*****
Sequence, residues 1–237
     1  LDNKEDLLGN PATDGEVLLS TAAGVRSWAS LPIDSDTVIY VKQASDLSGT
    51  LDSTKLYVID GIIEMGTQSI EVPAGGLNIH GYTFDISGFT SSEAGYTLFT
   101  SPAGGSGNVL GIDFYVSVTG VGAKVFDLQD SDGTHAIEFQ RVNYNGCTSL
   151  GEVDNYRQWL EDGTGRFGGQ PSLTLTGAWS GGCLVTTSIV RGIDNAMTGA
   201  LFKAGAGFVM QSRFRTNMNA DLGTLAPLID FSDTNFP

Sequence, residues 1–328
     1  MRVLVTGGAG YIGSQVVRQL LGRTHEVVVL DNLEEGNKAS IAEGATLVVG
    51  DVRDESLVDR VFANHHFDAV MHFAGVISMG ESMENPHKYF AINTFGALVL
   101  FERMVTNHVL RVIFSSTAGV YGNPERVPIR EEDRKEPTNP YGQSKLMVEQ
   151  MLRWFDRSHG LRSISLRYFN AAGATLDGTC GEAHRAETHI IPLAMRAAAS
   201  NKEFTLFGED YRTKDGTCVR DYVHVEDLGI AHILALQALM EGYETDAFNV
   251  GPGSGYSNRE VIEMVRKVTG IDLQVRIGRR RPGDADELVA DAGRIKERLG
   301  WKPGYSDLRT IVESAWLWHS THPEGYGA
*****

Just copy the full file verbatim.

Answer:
Sequence, residues 1–237
     1  LDNKEDLLGN PATDGEVLLS TAAGVRSWAS LPIDSDTVIY VKQASDLSGT
    51  LDSTKLYVID GIIEMGTQSI EVPAGGLNIH GYTFDISGFT SSEAGYTLFT
   101  SPAGGSGNVL GIDFYVSVTG VGAKVFDLQD SDGTHAIEFQ RVNYNGCTSL
   151  GEVDNYRQWL EDGTGRFGGQ PSLTLTGAWS GGCLVTTSIV RGIDNAMTGA
   201  LFKAGAGFVM QSRFRTNMNA DLGTLAPLID FSDTNFP

Sequence, residues 1–328
     1  MRVLVTGGAG YIGSQVVRQL LGRTHEVVVL DNLEEGNKAS IAEGATLVVG
    51  DVRDESLVDR VFANHHFDAV MHFAGVISMG ESMENPHKYF AINTFGALVL
   101  FERMVTNHVL RVIFSSTAGV YGNPERVPIR EEDRKEPTNP YGQSKLMVEQ
   151  MLRWFDRSHG LRSISLRYFN AAGATLDGTC GEAHRAETHI IPLAMRAAAS
   201  NKEFTLFGED YRTKDGTCVR DYVHVEDLGI AHILALQALM EGYETDAFNV
   251  GPGSGYSNRE VIEMVRKVTG IDLQVRIGRR RPGDADELVA DAGRIKERLG
   301  WKPGYSDLRT IVESAWLWHS THPEGYGA